To grossly oversimplify things, marketing is the process of bringing in and closing leads to generate revenue. We tend to forget about that second part. This leads marketers to create top of the funnel content that might generate interest, but not translate into the main results we care about: sales and conversions.
Where on the sales funnel should your content be? The content we create and the conversations we have are all dependent on the position of the lead in the funnel. Bottom of the funnel (BOTF) is the point where the client is close to making a decision and the marketing team usually takes their foot off the pedal. Yes, there is such a thing as overselling. But it’s important to realize that a developed BOTF content strategy can inform and reassure clients at the final stages, leading them to a purchase decision.
According to research by the CMI, only 60% of marketers produce content to nurture their leads. 47% of the content produced is geared for TOFU and only 21% of it is BOTF content: the clients most likely to make a purchase aren’t getting that extra nudge.
A marketer’s job is to persuade and inform leads, and BOTF content is the final frontier. Leads at the bottom of the funnel have their needs identified, have considered their options and are looking for that final something extra to get them off the fence. So what kind of content can help you?
Here’s BOTF 101. We are going to delve into BOTF content marketing and discuss what type of content works for your BOTF strategy. Let’s go!
A Closer Look at BOTF
Bottom of the funnel leads have usually been well-nurtured and have already engaged with your TOFU and mid-funnel content. Here are a few things about this lead person that you should know:
- They are interested in your product/service
- They are actively looking to close a deal and are possibly also looking at your competitors
- They know about your product/service in some detail
It is important to note that the content that they need is going to be very different from the content you use to attract lead initially or to keep them engaged. They are looking for content that will give them that final push to put pen to paper.
Often, your sales team members are actively in conversation with BOTF leads. This means that sales enablement is a key goal for your content. How do you empower your sales team with content that they can use to finally push the deal across the line? The effort you make here needs justify all the hard work that you have put in to nurture the lead through the funnel.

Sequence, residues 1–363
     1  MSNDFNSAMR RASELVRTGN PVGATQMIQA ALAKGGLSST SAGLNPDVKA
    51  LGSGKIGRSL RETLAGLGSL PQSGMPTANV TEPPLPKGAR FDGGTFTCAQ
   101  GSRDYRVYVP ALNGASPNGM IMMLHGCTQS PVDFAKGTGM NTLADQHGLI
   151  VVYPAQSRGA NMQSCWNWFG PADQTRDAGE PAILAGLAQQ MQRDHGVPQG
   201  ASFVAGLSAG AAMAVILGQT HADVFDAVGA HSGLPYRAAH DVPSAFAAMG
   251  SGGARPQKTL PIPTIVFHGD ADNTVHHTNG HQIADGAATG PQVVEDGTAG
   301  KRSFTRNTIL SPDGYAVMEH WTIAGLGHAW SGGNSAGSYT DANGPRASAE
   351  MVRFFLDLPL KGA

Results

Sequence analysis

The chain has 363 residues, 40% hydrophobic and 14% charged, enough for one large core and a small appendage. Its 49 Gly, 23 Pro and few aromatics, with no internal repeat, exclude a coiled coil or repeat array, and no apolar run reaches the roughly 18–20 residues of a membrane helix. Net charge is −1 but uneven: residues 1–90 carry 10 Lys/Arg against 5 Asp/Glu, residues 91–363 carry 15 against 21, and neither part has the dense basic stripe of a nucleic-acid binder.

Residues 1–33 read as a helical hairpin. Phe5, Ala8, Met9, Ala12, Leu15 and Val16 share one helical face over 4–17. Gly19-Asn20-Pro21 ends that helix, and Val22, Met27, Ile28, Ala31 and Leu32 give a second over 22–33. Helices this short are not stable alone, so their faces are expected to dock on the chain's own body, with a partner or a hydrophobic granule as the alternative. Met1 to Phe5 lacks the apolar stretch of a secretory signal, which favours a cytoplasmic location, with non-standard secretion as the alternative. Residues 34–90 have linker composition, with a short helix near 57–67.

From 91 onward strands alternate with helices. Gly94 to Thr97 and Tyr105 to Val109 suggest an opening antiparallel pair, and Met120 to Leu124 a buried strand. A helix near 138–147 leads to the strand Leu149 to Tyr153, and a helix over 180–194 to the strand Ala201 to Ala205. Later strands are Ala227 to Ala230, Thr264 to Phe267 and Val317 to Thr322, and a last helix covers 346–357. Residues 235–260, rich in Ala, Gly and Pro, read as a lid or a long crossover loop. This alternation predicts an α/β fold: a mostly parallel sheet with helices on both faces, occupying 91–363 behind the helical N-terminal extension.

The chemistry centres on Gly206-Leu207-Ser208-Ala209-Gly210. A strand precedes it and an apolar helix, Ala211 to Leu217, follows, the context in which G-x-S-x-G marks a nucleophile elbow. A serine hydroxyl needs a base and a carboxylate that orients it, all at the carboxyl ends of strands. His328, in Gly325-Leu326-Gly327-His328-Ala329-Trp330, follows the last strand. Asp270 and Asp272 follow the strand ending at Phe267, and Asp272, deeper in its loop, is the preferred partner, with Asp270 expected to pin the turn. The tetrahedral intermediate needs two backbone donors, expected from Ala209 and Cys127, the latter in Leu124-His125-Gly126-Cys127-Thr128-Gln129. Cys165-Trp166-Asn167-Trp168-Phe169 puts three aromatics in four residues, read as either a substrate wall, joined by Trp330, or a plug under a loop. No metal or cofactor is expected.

BOTF content isn’t just for bottom-of-the-funnel clients. When you are dealing with a significant number of leads, it is natural that some would slip through the cracks. And, of course, there will be those leads that finally just do not convert and that’s okay.
But BOTF content marketing ensures that you are leaving them with as much actionable information as possible if they want to get back to you.
What Content Works for BOTF?
We’ve talked about who BOTF content is for in this article, but what does it actually look like? These are some of your main objectives with BOTF content:
- Ensuring and clarifying the value that your product/service offers and how it works
- Accelerating the decision-making process
- Showcasing how your product is better than other options in the market for your client’s use case.
The content you are creating should align with these priorities. Remember that questions these leads have are very different from TOFU and would be very closely aligned with how the product works, instead of broad value.
Now, let’s look at a few content types that work for BOTF.
1. Customer Stories and Case Studies
There is no better way to showcase value than case studies and customer stories. Case studies showcase actual examples where you have delivered real value for your customers. It is also a great idea to include actual quotes from the customers and the end-users.